The path to being a teacher educator is littered with lightbulb moments and often students switch these on for me. Last night, I got a text from a student who had been reflecting on her Northern College Cert Ed/PGCE experience against the backdrop of Subject Specialist conference at the University of Huddersfield.
The text said:
“…(if) others (were) feeling alone, that’s cos they don’t have Kolb or diClemente or Brookfield or Maslow or Coffield or Kline or Freire, they are our friends in Year 2.”
I’m sensing with growing unease that knowledge transmission is becoming king again in discourses around further and higher education, and that constructivist and humanist approaches are being overlooked and even mocked. I’ve no problem with knowledge transmission being part of the package – but why waste the opportunity of students being taught the skills and confidence to find out their own knowledge? Then you can be absolutely sure that a) it’s the knowledge that’s right for them and b) they can keep on finding knowledge! Long after you’ve stopped teaching them!! And they’ll feel great about themselves for doing so!!!
Sorry for the slight hysteria there. Like so much else, I’m struggling with how obvious this all seems.
As a rookie teacher educator, I fell hungrily on Stephen Brookfield’s ‘Four Lenses’ theory of reflection (edging towards reflexion), published in ‘Becoming a Critically Reflective Teacher’ in 1995. Making the connection between practice and theory seemed to be key and I was – still am – deeply committed to the notion of ‘praxis’, that point where the two meet and share their energies, tipping into professional confidence and social impact. At first, when this didn’t seem to happen naturally either for my students or myself, I blamed the theorists themselves. Surely I wasn’t the only person to feel uneasy around Skinner in the 21st century? I began to gather writers of transformational education onto a Social Purpose Resource List (attached here), a process accelerated by the joys of Twitter. But it still wasn’t enough. I was finding praxis points now and again, but my students all too often were still labouring.
Then I had a lightbulb moment so intense that when I think back I can still see myself, standing in the Arched Barn of Northern College with a PTLLS group whose faces and names are fixed in my memory. It was last year, I was talking through the ‘Teaching for a Social Purpose’ model we’d designed to articulate our philosophy and a student said, “How do I reference that?” In an instant, I realised what I’d been missing. That ‘public theory’ was only further along a continuum from ‘private theory’, and that ‘private theory’ displayed in a classroom was no longer private. Closing the circle, I also realised that I’d found my own way back to social learning.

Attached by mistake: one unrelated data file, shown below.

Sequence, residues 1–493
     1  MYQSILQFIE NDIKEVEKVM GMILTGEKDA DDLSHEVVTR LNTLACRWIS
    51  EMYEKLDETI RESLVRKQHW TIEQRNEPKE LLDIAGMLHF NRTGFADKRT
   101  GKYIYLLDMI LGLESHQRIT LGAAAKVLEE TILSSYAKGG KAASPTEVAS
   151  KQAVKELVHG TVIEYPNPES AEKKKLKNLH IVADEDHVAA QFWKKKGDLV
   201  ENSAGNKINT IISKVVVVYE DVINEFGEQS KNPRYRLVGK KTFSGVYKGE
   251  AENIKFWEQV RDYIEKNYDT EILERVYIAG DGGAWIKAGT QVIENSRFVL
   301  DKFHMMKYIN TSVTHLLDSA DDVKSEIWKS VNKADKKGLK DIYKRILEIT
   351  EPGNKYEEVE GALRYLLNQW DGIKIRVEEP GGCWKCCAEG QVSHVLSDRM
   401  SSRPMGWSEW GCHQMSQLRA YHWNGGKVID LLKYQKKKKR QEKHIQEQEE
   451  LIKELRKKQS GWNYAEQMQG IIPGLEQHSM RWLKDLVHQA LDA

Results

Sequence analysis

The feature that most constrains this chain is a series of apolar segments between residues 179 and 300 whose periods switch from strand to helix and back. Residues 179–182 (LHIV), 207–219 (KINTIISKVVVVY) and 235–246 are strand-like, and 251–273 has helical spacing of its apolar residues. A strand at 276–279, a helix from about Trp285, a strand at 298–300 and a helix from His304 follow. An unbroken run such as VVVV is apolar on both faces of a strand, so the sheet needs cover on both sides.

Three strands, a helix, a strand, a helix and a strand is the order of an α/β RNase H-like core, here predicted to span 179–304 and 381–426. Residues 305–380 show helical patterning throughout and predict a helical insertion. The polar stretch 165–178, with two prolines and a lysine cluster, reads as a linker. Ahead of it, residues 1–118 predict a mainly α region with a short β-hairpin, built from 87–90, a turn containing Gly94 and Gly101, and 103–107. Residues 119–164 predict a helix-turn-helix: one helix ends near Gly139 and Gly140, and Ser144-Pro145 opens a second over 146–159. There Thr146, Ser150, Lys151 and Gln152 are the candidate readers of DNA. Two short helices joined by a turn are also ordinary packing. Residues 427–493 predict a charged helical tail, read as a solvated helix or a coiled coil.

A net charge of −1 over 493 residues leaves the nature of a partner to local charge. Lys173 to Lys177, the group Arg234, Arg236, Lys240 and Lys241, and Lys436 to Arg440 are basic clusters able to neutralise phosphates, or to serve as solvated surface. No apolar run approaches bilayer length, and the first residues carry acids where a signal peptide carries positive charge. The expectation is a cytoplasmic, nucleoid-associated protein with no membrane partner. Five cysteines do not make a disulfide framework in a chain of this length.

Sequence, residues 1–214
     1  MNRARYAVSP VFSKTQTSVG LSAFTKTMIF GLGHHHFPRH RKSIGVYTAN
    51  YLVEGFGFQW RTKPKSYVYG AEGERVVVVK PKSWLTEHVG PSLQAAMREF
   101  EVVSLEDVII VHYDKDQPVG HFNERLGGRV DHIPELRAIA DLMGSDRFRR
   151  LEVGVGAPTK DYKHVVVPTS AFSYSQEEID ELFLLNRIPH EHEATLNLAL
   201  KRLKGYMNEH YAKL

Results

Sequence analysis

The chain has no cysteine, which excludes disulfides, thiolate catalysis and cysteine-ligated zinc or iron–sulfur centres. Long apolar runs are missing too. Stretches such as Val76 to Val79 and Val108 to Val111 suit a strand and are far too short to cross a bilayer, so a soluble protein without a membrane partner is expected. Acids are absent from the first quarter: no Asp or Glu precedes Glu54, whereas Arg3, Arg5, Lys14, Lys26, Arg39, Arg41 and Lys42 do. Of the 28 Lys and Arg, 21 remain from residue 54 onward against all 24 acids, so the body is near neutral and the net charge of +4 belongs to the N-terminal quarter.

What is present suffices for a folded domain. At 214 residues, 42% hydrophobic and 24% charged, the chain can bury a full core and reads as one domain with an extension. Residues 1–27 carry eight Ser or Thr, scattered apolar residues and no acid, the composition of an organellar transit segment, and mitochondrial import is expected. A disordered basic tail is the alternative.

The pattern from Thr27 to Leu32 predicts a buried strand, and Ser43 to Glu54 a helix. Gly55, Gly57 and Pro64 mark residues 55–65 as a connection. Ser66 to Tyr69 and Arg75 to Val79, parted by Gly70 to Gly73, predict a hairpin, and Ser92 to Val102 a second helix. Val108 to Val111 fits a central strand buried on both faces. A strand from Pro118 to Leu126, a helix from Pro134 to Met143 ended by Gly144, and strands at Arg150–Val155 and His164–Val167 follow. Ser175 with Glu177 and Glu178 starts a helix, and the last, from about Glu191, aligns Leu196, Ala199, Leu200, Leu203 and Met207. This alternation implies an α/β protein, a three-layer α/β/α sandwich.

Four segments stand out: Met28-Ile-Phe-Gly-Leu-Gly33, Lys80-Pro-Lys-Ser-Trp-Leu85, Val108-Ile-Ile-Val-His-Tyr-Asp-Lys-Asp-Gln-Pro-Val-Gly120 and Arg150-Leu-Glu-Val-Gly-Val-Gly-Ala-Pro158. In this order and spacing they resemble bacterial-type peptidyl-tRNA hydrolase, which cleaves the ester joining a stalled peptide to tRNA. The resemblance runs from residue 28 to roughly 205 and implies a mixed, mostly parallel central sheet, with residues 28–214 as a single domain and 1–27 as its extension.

So, from then on, we stepped up as equals and thinkers became our friends. Drawing up the continuum had the effect of placing ‘thinkers’ (rather than ‘theorists’) relationally to one another. Students began to at first identify, then explicitly create, their own theories of learning. ‘Standing on the Shoulders of Giants’ was revisited as a metaphor to honour thinkers without being overly deferential to them. Our language changed: ‘Freire’ became ‘Paulo’ (“What about those conversations he had with Myles?”), ‘Wenger’ became ‘Etienne’, ‘hooks’ became ‘bell’. We began to access blogs and videos (“Ken!”). Students developed the courage and confidence to reference those thinkers that resonated with their own work, stepping free of the chains of academic propriety without breaking any of its rules, because those rules were finally understood. Yes, Nancy Kline is a theorist. No, it’s not OK to reference Wikipedia but it’s a great place to start your research. Yes, there’s something to learn from everyone, even if it’s that you don’t agree. Justify why you don’t agree!
Not everyone buys into this but that’s OK, I won’t stop trying. It’s scary to think of yourself as a thinker (it took me 40 years). It’s much easier to regurgitate stuff from books and probably really irritating to have a tutor who keeps asking in all sorts of polite, roundabout ways, “What are you assuming that’s stopping you thinking for yourself?” I see my role now as a connector, a Cilla Black of learning theory who brings together likely candidates (“Have you read…?”) until that spark ignites and reading takes off as a joyous, integrated, reflexive activity. And I’m hoping that social media will allow at least some of us to continue as a community of practice long after each individual’s course officially ends.
So, we are not alone. Theorists are our friends and we are theorists, connected virtually and equally as thinkers. Inspiration is only a smartphone away.